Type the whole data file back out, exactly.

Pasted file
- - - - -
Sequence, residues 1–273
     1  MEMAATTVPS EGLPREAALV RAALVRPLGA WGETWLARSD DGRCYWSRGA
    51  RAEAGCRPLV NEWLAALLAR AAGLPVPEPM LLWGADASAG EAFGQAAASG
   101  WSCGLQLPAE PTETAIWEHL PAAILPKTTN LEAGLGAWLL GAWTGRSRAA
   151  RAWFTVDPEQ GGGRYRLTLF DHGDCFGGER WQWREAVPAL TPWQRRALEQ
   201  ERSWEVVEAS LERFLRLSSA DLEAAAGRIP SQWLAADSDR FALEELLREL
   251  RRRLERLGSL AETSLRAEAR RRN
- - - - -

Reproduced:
Sequence, residues 1–273
     1  MEMAATTVPS EGLPREAALV RAALVRPLGA WGETWLARSD DGRCYWSRGA
    51  RAEAGCRPLV NEWLAALLAR AAGLPVPEPM LLWGADASAG EAFGQAAASG
   101  WSCGLQLPAE PTETAIWEHL PAAILPKTTN LEAGLGAWLL GAWTGRSRAA
   151  RAWFTVDPEQ GGGRYRLTLF DHGDCFGGER WQWREAVPAL TPWQRRALEQ
   201  ERSWEVVEAS LERFLRLSSA DLEAAAGRIP SQWLAADSDR FALEELLREL
   251  RRRLERLGSL AETSLRAEAR RRN